An unemployed heiress to a $12 million fortune is being declined access to her inheritance due to a term outlined in her late father’s Will that stipulated she must get a job or take part in voluntary work in order to benefit from his estate. Conditional gifts in Wills can be acceptable by law and may present an opportunity to Will-makers who are concerned that beneficiaries in their Will may not maintain assets as they intend, explains Attwood Marshall Lawyers Legal Practice Director Jeff Garrett.
When Ms Clare Brown’s stockbroker father, Chris, died in January 2022, the 26-year-old was left with a $12 million fortune.
However, the inheritance came with two crucial clauses – that she get a job and contribute to society.
Ms Brown failed to meet these conditions and is now contesting her father’s Will, arguing that a range of health issues coupled with NDIS funding cuts impacted her ability to gain employment.
The former private school student has stated that employers won’t consider her for a position because she’s gay, and she has difficulty holding down employment due to having ADHD (Attention-deficit/hyperactivity disorder) and high-functioning autism.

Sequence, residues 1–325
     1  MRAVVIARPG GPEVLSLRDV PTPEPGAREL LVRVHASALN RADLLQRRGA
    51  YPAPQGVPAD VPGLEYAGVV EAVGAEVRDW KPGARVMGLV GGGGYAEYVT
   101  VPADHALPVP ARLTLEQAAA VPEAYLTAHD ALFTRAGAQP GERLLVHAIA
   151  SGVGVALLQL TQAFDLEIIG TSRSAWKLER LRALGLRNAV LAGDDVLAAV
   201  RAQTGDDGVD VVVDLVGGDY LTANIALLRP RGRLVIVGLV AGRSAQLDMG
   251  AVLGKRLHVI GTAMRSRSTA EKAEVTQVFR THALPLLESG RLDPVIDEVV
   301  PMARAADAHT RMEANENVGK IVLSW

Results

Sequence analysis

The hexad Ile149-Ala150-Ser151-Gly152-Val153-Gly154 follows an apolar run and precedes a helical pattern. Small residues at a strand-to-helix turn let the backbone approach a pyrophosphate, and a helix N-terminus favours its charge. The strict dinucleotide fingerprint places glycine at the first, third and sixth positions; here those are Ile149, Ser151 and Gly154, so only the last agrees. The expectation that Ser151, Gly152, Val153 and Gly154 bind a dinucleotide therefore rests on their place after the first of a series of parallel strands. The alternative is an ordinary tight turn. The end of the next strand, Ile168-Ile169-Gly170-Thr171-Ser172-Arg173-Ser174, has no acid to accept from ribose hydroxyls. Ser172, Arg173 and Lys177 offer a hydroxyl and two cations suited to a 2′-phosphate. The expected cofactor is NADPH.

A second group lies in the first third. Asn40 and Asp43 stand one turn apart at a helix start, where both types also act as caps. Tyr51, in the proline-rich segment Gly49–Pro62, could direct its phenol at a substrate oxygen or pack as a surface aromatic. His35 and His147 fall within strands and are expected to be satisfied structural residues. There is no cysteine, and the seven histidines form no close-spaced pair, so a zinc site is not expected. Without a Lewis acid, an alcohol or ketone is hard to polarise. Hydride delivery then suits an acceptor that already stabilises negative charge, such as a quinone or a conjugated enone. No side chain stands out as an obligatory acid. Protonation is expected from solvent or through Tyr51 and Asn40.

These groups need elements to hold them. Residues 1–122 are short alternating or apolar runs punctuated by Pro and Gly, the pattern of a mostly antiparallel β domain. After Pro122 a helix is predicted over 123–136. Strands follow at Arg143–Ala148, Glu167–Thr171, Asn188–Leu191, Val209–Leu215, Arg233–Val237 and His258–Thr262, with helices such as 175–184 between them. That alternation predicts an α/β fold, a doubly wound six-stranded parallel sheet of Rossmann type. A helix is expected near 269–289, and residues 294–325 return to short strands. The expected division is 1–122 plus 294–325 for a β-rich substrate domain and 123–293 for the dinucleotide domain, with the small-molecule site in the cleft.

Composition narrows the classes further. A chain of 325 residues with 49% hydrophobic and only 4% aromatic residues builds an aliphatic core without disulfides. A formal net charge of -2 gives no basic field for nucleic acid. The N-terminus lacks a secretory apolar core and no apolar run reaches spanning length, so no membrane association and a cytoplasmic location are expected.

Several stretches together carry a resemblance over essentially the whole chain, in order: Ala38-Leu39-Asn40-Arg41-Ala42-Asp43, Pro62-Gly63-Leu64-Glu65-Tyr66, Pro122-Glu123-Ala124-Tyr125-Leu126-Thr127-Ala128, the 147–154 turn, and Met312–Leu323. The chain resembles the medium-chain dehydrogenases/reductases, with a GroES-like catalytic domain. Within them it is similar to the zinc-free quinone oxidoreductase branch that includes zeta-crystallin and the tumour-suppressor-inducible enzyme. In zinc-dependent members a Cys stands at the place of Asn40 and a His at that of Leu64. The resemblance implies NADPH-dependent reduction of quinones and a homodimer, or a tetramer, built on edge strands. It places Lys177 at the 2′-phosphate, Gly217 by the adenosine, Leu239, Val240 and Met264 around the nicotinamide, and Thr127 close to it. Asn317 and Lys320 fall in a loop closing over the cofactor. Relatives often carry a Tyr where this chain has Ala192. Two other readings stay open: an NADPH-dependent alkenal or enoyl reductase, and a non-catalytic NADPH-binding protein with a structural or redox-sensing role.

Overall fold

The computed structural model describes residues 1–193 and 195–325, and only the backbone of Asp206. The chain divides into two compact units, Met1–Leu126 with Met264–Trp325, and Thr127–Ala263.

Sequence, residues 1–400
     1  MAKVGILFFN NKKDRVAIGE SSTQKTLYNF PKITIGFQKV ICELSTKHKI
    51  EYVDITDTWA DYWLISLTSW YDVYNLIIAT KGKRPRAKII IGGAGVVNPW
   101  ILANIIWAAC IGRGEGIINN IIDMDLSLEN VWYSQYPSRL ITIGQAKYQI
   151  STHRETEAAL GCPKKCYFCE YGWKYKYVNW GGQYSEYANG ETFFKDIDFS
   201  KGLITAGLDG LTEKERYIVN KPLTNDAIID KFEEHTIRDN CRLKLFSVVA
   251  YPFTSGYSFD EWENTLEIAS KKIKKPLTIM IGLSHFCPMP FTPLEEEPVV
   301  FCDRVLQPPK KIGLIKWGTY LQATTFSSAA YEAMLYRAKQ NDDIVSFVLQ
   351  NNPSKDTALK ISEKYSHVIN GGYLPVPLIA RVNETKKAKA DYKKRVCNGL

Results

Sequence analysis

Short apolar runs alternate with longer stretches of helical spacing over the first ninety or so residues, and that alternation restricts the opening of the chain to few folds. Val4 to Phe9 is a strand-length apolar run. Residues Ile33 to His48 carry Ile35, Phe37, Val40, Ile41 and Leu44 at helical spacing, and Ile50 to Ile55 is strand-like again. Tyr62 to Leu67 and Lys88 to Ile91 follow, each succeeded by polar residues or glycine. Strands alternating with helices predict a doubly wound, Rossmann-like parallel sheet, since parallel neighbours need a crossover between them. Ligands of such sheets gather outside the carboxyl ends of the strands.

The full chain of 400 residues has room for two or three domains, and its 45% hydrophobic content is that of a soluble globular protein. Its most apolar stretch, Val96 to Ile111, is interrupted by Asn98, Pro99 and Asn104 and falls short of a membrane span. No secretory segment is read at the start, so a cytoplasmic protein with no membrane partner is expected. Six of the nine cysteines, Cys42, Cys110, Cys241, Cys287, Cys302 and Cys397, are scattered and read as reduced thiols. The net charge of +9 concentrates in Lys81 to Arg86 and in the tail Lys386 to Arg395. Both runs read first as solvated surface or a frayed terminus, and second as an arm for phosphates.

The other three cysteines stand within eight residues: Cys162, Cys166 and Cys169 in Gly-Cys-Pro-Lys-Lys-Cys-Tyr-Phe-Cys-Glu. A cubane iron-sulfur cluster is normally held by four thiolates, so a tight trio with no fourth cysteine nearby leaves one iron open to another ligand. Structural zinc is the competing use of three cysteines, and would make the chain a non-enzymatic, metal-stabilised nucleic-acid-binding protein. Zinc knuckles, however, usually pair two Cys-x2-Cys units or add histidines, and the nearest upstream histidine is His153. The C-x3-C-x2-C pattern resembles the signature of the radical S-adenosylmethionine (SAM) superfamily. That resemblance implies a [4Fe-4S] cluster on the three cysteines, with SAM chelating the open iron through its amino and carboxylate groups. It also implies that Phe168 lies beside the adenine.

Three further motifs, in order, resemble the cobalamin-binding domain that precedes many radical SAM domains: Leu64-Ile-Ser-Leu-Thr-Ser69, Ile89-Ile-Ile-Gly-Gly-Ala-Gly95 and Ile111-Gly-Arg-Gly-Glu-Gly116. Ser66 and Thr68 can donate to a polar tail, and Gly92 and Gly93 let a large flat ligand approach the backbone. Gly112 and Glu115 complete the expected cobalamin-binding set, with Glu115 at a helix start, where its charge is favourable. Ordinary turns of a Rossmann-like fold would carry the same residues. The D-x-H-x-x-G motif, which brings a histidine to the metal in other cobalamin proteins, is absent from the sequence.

Can you put contingencies in place to protect your children’s inheritance?
In the words of famous American business magnate and billionaire, Warren Buffett,” leave the children enough so that they can do anything, but not enough that they can do nothing”.
Many parents are concerned about their children’s ability to manage finances when they are gifted a substantial estate after a parent passes away. This is particularly the case within families who hold significant wealth.
Not many of us need to worry about leaving our children so much wealth that they could comfortably choose to do nothing. However, many middle-class parents still worry that their children (or grandchildren) might squander an inheritance on drugs or gambling, make bad financial decisions, or be manipulated by a spouse.
There are strategies that can be utilised to ensure family inheritance is protected and that beneficiaries who may be vulnerable can have controlled access to these assets.
When making a Will a person can decide to include a “vested interest” or a “contingent interest”.
By including a contingent interest, a Will-maker can prevent their child/ren from inheriting under the Will until they reach a certain age or milestone.
A Will-maker can stipulate that a beneficiary must satisfy certain conditions before the executor can release the gift. So long as those conditions are possible to fulfil, and do not violate the rule of law, or are contrary to public policy, then a court is likely to uphold a conditional bequest.
Ensuring conditions are unambiguous
When creating a contingent interest under a Will, it is imperative to ensure a suitably qualified estate planning lawyer drafts the terms of the Will carefully. If terms are ambiguous, the conditions in the Will may not be able to be achieved and the condition could be challenged.